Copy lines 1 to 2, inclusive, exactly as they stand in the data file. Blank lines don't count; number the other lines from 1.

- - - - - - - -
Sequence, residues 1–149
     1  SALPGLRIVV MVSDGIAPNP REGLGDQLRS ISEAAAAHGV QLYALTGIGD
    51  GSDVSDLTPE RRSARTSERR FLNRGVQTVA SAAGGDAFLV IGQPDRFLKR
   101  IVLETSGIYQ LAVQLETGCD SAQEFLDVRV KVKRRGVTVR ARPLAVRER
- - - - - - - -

Sequence, residues 1–149
     1  SALPGLRIVV MVSDGIAPNP REGLGDQLRS ISEAAAAHGV QLYALTGIGD